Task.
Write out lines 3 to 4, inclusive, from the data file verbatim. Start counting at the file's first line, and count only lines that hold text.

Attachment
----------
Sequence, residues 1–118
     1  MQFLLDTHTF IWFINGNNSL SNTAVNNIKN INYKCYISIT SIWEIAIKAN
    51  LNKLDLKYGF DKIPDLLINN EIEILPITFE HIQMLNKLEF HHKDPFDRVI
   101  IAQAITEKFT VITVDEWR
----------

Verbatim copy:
    51  LNKLDLKYGF DKIPDLLINN EIEILPITFE HIQMLNKLEF HHKDPFDRVI
   101  IAQAITEKFT VITVDEWR